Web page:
Doppler Effect in Reference to Stars
Created | Updated Feb 15, 2012
'The Universe is expanding'. You have probably heard that said many times. It may sound unbelievable but it is true. This has been proven by scientists looking at the Doppler Effect, otherwise known as the Redshift Effect, and Fraunhofer Lines.
All stars, including the Sun, emit electromagnetic (EM) radiation at many different wavelengths; only some of these are visible to the human eye. If you were to shine light through a prism you would see the spectrum of colours. This was first done by the great English mathematician, Sir Isaac Newton (1642 - 1727); although he did not follow up the discovery of the spectrum with any further research.
The different colours seen are different wavelengths of visible light. In 1802, the English chemist William Hyde Wollaston (1766-1828) discovered that the solar spectrum was not uniform. It contained dark lines at certain wavelengths. He mistook these lines as the boundaries between colours. We now know that the colours are continuous.
It was not until 1814 that German optician, Josef Fraunhofer (1787-1826), studied these lines in greater detail. He noted the positions of 324 them; although he still couldn't explain them.
Finally, in 1859, two more Germans, Gustav Kirchhoff (1824-1887) and Robert Bunsen1 (1811-1899), invented an instrument for separating light using prisms, which we know as the Bunsen-Kirchhoff spectroscope; founded the modern science of spectroscopy; and discovered the true reason for what were by then called Fraunhofer Lines. They found that certain elements absorb some wavelengths, which means that the elements found in the sun create black lines in the spectrum.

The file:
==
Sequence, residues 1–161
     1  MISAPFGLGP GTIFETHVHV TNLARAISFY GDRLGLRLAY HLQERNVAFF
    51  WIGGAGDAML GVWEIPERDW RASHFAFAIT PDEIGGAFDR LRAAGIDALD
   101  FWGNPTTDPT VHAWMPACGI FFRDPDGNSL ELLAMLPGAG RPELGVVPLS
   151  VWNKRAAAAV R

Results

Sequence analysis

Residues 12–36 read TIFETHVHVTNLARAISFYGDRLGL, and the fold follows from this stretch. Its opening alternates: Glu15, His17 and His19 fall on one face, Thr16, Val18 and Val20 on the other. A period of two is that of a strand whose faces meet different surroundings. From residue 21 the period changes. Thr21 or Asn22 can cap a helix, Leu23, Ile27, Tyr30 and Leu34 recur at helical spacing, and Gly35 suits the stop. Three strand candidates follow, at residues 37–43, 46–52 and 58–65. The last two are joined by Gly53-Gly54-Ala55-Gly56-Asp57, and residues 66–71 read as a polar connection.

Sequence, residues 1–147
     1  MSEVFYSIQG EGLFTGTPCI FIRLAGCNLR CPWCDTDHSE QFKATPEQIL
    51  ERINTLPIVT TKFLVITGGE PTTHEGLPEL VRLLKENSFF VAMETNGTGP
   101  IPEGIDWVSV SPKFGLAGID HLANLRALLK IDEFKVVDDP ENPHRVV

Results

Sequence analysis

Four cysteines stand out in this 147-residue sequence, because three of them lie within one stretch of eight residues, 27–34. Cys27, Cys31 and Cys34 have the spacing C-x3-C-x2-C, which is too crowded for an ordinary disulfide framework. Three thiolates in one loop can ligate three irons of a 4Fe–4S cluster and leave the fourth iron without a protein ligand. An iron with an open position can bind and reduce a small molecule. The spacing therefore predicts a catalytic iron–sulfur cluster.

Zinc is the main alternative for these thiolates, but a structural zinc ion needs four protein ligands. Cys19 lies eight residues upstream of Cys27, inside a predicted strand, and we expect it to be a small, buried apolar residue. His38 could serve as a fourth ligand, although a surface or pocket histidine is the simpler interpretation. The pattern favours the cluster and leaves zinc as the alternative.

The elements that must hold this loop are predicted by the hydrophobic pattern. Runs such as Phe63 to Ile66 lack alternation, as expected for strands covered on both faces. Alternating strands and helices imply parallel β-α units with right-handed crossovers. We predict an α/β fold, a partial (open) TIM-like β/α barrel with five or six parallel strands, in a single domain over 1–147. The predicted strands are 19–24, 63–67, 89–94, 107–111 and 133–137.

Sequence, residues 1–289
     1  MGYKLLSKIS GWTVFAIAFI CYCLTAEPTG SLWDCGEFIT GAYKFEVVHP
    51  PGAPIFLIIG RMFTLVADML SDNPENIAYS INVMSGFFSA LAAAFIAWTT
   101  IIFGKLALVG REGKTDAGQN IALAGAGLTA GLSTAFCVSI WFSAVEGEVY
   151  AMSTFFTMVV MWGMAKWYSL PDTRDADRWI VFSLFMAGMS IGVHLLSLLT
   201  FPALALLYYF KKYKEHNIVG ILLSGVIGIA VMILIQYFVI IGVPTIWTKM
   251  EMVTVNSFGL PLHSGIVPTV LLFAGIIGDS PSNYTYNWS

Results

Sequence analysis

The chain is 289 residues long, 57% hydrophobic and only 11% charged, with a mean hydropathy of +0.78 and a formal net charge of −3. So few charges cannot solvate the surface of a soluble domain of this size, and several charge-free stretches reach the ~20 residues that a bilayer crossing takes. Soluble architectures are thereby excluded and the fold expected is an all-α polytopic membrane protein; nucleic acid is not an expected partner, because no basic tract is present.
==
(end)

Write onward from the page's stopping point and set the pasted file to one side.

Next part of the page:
When an object is moving, any waves it emits are either stretched or squashed, so the wavelength either increases or decreases. In sound this makes something moving towards you sound higher, and something moving away sound lower. In light, an object such as a star, will be shifted towards the red end of the spectrum when moving away from you and towards the blue (or violet) end when coming towards you. The faster the object is moving, the greater the shift.
How This Proves Expansion Theory
Scientists knew that if the universe was expanding, then space would be stretched. This meant that anything in the space would also be stretched. This stretching is too small to be noticed in matter because gravity counteracts it; but in EM waves this is noticeable as a redshift.
When this redshift in the Fraunhofer lines of distant stars and galaxies was noticed it was clear proof that both the Expansion and Big Bang theories were correct. All other theories, such as Steady-State Theory2, were generally disregarded.
Another useful consequence of this is that the further away an object is, the more space the light has travelled through so it will be more redshifted, this allows astronomers to accurately calculate the distance of other galaxies.